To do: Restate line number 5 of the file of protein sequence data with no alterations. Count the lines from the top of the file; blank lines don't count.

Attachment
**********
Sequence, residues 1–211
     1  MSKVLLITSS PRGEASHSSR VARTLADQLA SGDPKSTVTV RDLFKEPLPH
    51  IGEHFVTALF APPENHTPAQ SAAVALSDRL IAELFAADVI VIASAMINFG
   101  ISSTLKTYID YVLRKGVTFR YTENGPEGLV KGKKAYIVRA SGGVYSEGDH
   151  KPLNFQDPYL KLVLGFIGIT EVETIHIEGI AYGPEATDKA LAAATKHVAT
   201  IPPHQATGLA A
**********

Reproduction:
   151  KPLNFQDPYL KLVLGFIGIT EVETIHIEGI AYGPEATDKA LAAATKHVAT